Proposal put forward for country’s first climate law takes swipe at auto-industry, scraps fossil fuel subsidies and sets 2050 goal for 100% renewable power
Spain is proposing to ban fossil fuel subsidies, dump investments that encourage dirty energy use and drive lighter diesel and petrol vehicles off the road.
It marks a significant turnaround for one of Europe’s larger coal-mining, gas-importing and auto-manufacturing countries. Fracking would also be banned nationwide.
In a draft of country’s Law on Climate Change and Energy Transition, published on Tuesday, the five-month-old socialist government proposes to reduce Spain’s greenhouse gas emissions by at least 20% by 2030 and 90% by 2050, compared to 1990 levels. The 2030 goal would amount to a 37% reduction from current levels, which Madrid called more ambitious than any other EU country.
This is Spain’s first national law on emissions reduction and clean energy goals.
“Our proposal is to reduce Spain’s current greenhouse gas emissions by a third in just a decade, which we consider an international milestone and a sign of our firm commitment to the fight against climate change,” said Spain’s ecological transition minister Teresa Ribera, who took office in June as a member of prime minister Pedro Sanchez’s Socialist and Workers’ Party government.
The draft will now be negotiated with other parliamentary parties. The government aims to present a bill to parliament before the end of the year.
Under the plan, all new fossil fuel subsidies would be frozen and a phase out begun on a timetable yet to be agreed. The same freeze and phase out would occur for fossil fuel investments held by the government.
The proposal would give investors and other economic players the “clear and predictable signals” needed to reduce Spain’s emissions, Ribera added. The transition “will generate progress and stable, quality employment, and presents great economic opportunities that Spain must take advantage of”, she said.
The predictability would be aided by the adoption of a UK-style system, under which incremental targets would be set every five years.
As part of its plan to reduce emissions, the proposed law seeks to re-boot Spain’s renewable energy industry, which was paralysed by sudden cuts to government subsidies about five years ago. It would aim to boost the share of renewables in the total energy mix to 35% by 2030, including a 70% share of electricity generation, and to 100% by mid-century. Renewable energy accounted for just over 17% of total Spanish energy use in 2016, according to EU statistics.
Critics, however, said this was not enough to meet the Paris climate agreement’s lowest goal of limiting global warming to 1.5C.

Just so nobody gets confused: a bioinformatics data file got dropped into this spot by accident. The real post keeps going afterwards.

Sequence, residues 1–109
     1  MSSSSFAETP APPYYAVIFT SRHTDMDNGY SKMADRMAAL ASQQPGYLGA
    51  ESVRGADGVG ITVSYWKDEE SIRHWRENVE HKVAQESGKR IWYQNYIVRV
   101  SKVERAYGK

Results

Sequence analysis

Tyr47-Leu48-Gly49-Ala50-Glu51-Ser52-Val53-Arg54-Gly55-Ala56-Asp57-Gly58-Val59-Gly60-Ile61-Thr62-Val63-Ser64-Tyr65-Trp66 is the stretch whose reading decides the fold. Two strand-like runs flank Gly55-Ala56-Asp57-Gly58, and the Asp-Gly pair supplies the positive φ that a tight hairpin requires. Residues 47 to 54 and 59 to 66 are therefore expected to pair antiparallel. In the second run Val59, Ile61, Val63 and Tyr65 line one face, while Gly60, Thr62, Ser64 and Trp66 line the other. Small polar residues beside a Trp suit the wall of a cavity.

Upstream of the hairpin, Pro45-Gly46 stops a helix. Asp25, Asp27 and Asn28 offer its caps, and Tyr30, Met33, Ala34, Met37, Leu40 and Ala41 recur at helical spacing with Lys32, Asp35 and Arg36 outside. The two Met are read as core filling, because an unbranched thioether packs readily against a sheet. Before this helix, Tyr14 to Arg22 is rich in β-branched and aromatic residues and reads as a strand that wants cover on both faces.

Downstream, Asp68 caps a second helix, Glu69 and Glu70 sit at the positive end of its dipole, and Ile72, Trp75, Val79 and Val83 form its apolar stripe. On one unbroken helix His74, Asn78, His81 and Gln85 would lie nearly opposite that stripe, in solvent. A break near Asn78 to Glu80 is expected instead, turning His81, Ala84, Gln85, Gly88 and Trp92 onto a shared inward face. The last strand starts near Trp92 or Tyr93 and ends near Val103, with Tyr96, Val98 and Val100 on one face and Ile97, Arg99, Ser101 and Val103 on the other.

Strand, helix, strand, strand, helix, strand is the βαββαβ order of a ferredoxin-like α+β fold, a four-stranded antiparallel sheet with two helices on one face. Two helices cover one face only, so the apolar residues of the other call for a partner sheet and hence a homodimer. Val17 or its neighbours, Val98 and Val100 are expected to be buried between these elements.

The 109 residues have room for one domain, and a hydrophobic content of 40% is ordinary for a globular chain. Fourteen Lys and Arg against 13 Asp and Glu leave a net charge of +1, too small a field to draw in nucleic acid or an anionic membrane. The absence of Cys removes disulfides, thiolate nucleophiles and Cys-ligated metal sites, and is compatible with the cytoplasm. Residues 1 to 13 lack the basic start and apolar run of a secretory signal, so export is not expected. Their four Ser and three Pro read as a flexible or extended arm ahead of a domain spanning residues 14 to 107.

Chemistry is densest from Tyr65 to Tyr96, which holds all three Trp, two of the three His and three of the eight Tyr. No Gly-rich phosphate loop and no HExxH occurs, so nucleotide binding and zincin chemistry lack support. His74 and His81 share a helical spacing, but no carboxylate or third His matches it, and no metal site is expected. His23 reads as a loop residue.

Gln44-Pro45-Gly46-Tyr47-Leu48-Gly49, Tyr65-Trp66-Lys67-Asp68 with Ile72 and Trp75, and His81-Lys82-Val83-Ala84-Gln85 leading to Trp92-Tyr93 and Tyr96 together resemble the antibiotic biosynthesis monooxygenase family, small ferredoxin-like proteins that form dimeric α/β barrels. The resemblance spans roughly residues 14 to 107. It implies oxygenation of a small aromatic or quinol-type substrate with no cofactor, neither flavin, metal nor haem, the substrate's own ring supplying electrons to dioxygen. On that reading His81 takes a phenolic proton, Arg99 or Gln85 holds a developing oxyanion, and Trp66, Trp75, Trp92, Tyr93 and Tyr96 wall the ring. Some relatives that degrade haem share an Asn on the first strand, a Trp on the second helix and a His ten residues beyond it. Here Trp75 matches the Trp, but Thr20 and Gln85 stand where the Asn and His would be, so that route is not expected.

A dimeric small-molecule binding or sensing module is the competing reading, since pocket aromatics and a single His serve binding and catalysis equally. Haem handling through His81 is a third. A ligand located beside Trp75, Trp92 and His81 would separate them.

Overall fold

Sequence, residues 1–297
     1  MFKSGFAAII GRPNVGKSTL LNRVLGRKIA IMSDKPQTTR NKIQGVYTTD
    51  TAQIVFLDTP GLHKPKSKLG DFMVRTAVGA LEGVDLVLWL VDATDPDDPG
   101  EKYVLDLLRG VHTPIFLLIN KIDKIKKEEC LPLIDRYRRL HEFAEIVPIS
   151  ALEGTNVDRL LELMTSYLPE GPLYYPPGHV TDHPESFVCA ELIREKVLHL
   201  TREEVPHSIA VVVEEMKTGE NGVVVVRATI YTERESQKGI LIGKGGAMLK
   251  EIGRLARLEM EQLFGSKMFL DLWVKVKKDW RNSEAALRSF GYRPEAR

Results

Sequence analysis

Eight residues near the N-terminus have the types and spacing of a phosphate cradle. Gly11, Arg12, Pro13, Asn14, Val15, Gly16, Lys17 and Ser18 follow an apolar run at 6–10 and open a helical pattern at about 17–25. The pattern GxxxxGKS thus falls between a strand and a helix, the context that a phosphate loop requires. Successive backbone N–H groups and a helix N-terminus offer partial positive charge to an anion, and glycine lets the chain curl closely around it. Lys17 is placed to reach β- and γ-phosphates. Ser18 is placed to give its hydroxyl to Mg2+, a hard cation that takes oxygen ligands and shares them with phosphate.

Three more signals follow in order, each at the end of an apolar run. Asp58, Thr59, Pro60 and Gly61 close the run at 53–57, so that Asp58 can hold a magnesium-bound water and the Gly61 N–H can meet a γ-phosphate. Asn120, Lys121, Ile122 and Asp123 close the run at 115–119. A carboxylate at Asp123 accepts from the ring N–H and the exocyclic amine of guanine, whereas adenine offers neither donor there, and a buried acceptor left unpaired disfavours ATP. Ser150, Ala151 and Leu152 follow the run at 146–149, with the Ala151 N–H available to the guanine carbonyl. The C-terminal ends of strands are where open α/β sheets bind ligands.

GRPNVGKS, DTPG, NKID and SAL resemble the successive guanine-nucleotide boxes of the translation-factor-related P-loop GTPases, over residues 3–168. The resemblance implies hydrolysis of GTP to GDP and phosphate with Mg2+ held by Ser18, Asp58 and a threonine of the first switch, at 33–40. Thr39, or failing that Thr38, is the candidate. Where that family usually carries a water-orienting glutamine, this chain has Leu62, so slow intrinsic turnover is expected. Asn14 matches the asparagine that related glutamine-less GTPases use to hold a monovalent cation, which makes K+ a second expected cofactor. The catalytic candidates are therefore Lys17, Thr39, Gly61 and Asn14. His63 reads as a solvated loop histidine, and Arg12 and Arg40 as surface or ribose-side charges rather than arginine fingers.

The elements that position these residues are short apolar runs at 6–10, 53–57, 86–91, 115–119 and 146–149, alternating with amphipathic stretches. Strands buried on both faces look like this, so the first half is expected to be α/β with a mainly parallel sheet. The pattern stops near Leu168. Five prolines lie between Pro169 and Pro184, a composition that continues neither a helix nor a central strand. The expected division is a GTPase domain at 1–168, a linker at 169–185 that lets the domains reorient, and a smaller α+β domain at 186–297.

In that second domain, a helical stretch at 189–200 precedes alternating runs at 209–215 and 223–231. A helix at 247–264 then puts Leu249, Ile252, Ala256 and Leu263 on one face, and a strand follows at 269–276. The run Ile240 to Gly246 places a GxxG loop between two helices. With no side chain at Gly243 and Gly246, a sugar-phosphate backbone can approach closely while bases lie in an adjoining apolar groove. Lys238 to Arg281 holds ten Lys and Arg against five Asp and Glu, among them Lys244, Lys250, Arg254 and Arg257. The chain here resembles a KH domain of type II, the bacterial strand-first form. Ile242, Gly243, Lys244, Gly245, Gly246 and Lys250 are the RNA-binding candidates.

Based on the UN’s recent scientific report on how to meet the 1.5C goal, a developed country like Spain needs to reduce its emissions to net-zero and have a fully renewable energy system by 2040, not 2050, said José Luis García Ortega from Greenpeace España. “We just can’t afford to wait.”
“We believe that it is possible to have more ambitious and concrete objectives,” said Juantxo López de Uralde, a green party deputy and spokesperson for Unidos Podemos, a left-wing parliamentary group that includes the far-left party Podemos. “For example, we would like to see specific dates for the shutdown of coal and nuclear power plants,” López de Uralde pledged to work with the government in the next weeks to raise the bill’s ambition and climate targets.
The draft law does not set specific end dates for non-renewable power generation. However it does propose to push Europe’s second-largest car manufacturing industry to abandon diesel and petrol in favour of electricity in the next two decades – joining only a handful of other EU countries.
It aims to eliminate direct CO2 emissions from cars and light-duty trucks by 2050. The registration and sale of vehicles that emit carbon would be banned from 2040, and municipalities of more than 50,000 people would be required to create low-emission zones by 2023.
“With these dates, the government sends clear signals to direct the production of vehicles,” the document said, noting that manufacturers are already shifting to electric transport. Volvo plans to sell only electric cars from 2019, while Toyota will end diesel vehicles in Europe this year.
Spain is home to auto manufacturing plants for companies including Daimler, Ford, Nissan, Peugeot Citroen, Renault and Volkswagen.
López de Uralde welcomed the proposals for transport, noting that the sector accounts for 24% of national emissions.
A few Western European countries have announced similar plans since Volkswagen was caught cheating on its diesel emissions tests in 2015. The UK plans to ban the sale of diesel and petrol cars in 2040 and push them off the road in 2050. France, Denmark, Ireland and the Netherlands aim to end combustion car sales in 2030, and Norway is considering a ban for 2025. Cities in Germany, the EU’s largest car manufacturer, are also setting out diesel bans.
The EU is now negotiating bloc-wide emissions reduction targets for vehicles by 2030.
Spain’s shift away from fossil fuels has been choppy. The country was an early EU leader in adding wind and solar energy, until the government unexpectedly cut its generous subsidies about five years ago, paralysing the renewables sector. Utilities Iberdrola and Enel plan to close their coal-fired power plants by 2020, and most of the country’s coal mines will be shuttered this year. However, Spain is also the bloc’s largest importer of liquefied natural gas, along with piped supplies from Algeria.
But as one of the European countries most exposed to climate change, Spain also stands to benefit from the shift, Ribera said. “Spain is a country highly vulnerable to climate change and its citizens are fully aware of the magnitude of the problem.”